Borrowing from sources as varied as the 'Django' spaghetti westerns starring Franco Nero and grindhouse fare like 'Mandingo,' Quentin Tarantino serves up a powder keg of a revenge thriller with 'Django Unchained' (2012, Anchor Bay, R, $30).
The action kicks into high gear when a pair of bounty hunters - former slave Django (Jamie Foxx) and one-time dentist King Shultz (Christoph Waltz) - journey to Mississippi to try and free Django's wife (Kerry Washington) from the clutches of a despicable plantation owner (Leonardo DiCaprio).
Unpredictable, fiendishly funny, brutal, over-the-top, relentless, 'Django Unchained' pushes hard at the boundaries. Saddle up. Extras: featurettes.
Also New This Week: 'A Haunting in Connecticut 2: Ghosts of Georgia' (2012, Lionsgate, R, $20) A follow-up in name only to the 2009 horror shocker starring Virginia Madsen, this entry is set in rural Georgia and concerns a family who moves into what was once a stop on the Undergound Railroad. Oddly enough, almost the entire family, including the mother Lisa (Abigail Spencer), her sister (Katee Sackhoff) and young daughter Heidi (Emily Alyn Lind) can see dead people. While Lisa spends most of the movie trying to deny her gift, young Heidi hangs out with the long-deceased former owner of the property. 'Haunting' deserves points for trying to be socially conscious but it's too unfocused to leave much of a mark. Extras: deleted scenes, featurettes and commentaries.
'Dragon' (2012, Anchor Bay, R, $25) Martial arts nuts won't want to miss this surprisingly soulful spin on David Cronenberg's 'History of Violence' set in China during the early days of the 20th century. Donnie Yen stars as a village craftsman named Liu who goes out on a limb to save the lives of two store owners as they're being brutalized by a pair of gangsters. Liu's bravery draws the attention of his father, a criminal overlord who wants Liu back in the fold of the dastardly 72 Demons gang. Director Peter Ho-Sun Chan can stage action sequences with the best of them. 'Dragon' is a real keeper. Extras: music video and featurette.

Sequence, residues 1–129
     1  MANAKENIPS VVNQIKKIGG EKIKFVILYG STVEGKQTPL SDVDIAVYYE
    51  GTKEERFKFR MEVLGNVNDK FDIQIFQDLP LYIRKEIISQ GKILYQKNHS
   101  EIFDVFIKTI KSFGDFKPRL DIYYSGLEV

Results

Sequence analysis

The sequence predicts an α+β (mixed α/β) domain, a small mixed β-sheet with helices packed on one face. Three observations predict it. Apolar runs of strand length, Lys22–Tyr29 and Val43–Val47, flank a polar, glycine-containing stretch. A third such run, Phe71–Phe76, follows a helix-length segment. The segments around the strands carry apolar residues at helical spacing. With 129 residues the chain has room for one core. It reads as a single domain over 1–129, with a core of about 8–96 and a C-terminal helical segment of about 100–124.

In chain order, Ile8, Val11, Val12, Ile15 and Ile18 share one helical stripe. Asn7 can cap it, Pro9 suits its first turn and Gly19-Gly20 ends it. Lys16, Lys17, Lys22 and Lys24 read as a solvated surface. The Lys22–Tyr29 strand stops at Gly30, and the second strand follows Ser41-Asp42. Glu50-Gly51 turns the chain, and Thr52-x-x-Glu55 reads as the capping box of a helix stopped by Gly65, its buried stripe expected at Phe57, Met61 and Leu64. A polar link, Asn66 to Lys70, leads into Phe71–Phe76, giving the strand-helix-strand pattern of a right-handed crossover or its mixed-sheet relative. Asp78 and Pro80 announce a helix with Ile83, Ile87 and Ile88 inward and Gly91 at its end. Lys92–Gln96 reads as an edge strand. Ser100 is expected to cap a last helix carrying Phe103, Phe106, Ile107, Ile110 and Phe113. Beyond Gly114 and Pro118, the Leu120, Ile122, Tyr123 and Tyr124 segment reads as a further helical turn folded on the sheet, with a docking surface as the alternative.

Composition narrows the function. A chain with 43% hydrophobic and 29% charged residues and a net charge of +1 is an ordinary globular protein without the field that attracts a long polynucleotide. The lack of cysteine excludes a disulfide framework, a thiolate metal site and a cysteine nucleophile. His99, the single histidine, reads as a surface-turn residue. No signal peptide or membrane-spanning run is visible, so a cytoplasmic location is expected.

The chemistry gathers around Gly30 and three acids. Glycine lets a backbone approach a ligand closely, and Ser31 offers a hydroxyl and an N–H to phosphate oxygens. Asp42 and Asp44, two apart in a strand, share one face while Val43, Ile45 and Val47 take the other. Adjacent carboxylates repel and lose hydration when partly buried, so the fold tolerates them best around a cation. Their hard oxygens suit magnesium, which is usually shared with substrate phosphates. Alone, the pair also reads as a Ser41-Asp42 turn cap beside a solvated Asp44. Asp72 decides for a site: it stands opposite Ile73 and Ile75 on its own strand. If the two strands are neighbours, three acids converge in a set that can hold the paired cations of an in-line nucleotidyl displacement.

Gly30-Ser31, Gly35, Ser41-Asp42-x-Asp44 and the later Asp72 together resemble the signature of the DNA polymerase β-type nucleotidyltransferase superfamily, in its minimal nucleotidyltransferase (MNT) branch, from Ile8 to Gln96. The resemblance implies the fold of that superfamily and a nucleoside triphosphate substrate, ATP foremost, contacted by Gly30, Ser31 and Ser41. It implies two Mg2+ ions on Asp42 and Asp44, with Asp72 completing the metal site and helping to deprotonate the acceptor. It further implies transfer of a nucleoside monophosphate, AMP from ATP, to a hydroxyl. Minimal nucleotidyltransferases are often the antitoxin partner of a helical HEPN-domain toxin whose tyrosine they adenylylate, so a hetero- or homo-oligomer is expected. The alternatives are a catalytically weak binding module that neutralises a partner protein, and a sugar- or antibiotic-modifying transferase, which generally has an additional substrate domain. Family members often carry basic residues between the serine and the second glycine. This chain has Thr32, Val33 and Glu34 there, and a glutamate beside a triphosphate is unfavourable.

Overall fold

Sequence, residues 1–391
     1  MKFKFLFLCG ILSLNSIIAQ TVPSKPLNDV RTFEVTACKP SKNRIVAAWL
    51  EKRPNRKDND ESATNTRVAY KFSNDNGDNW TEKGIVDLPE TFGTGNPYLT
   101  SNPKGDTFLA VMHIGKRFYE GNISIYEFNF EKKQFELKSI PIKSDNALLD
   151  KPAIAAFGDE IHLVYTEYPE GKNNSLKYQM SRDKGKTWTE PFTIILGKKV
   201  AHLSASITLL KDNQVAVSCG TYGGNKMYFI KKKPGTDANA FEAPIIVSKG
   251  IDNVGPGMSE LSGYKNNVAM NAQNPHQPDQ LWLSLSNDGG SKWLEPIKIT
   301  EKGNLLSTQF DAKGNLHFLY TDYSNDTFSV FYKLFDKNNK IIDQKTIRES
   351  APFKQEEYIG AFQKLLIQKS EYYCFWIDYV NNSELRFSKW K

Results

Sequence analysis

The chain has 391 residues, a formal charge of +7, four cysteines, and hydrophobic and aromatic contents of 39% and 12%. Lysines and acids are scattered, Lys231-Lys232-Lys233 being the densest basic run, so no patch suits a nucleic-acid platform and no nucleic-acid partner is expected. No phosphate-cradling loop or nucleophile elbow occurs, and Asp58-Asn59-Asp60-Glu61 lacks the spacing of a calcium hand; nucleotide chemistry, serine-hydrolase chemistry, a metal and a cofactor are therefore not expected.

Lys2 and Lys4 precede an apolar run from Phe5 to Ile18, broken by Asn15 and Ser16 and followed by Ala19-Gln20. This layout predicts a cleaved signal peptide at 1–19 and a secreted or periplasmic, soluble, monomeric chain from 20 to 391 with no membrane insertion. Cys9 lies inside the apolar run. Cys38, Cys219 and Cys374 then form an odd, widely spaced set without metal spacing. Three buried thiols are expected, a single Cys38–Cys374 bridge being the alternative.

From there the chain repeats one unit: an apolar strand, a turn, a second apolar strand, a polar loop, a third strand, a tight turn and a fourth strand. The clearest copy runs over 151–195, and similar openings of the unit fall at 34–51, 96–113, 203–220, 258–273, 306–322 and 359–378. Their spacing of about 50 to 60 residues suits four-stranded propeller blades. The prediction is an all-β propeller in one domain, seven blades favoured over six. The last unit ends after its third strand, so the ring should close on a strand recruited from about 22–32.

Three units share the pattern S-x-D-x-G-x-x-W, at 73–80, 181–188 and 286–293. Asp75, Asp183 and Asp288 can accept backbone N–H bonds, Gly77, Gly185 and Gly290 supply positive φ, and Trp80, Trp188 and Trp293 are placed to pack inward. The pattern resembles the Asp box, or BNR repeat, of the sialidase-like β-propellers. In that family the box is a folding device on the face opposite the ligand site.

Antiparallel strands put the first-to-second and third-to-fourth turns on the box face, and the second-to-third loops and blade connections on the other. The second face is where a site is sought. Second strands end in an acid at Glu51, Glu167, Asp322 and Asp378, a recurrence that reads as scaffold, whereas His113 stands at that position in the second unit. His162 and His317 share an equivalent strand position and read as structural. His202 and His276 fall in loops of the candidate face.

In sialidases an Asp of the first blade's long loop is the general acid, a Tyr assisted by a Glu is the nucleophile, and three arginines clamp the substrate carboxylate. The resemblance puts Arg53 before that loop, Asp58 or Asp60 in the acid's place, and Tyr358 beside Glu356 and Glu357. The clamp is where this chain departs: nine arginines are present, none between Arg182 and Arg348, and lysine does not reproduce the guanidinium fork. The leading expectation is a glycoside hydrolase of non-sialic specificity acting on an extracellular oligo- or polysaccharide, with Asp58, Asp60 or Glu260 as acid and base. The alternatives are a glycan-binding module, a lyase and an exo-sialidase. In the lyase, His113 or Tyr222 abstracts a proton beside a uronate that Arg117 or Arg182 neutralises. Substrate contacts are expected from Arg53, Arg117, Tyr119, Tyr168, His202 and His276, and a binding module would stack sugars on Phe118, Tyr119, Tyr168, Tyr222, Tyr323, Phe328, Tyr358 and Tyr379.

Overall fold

'Future Weather' (2012, Virgil, unrated, $20) Since this Philly-shot indie was largely funded by the Alfred P. Sloan Foundation as part of its exercise to support films that stir up interest in science, you might expect it to be dry and preachy. But,the occasional climate change warning aside, the focus in squarely on the characters. Perla Haney-Jardine stars as a teenager whose obsession with science helps her survive some tough times after she's abandoned by her no-good mother (Marin Ireland). Amy Madigan and Lili Taylor co-star in a coming-of-age drama that's a modest but distinct pleasure. Extras: deleted scenes.
'Escapee' (2012, Anchor Bay, R, $25) A deranged killer named Harmon Porter ('Prison Break's' Dominic Purcell) is on the loose and he's hellbent on tracking down Abby (Christine Evangelista), a psychology student who caught his eye during a visit. Writer/director Campion Murphy has one awkward twist up his sleeve but for the rest of the movie, he essentially cuts back and forth between Abby and the approaching Boogeyman. The acting is pedestrian and the suspense almost nonexistent. 'Escapee' is a real slog. Extras: featurette.
'The Sorcerer & The White Snake' (2012, Magnolia, PG-13, $25) In this thrilling fantasy epic based on Chinese legend, a magic man (Jet Li) is dismayed to discover that a villager (Raymond Lam) has fallen in love with a thousand year old snake-demon disguised as a beautiful woman (Charlene Choi). Despite the couple's happiness, Li knows that order must be restored and the demon banished. The action sequences are outstanding and the special effects are jaw-droppingly lovely. Sit back and enjoy the fun. Extras: featurettes.
'A Monster in Paris' (2012, Shout Factory, PG, $15) Set in Paris in 1910, this charmer of a 3-D cartoon centers on two buddies (Adam Goldberg, Jay Harrington) who are determined to protect an overgrown flea named Franc from the villainous politician Commissioner Maynott. The beginning is a bit chaotic, as is a long chase sequence, but the film boasts some catchy Latin-flavored tunes and an affection for silent cinema that will put you in mind of both Martin Scorsese's 'Hugo' and 'Phantom of the Opera.' Fun voice work by Catherine O'Hara and Danny Huston too. Extras: none.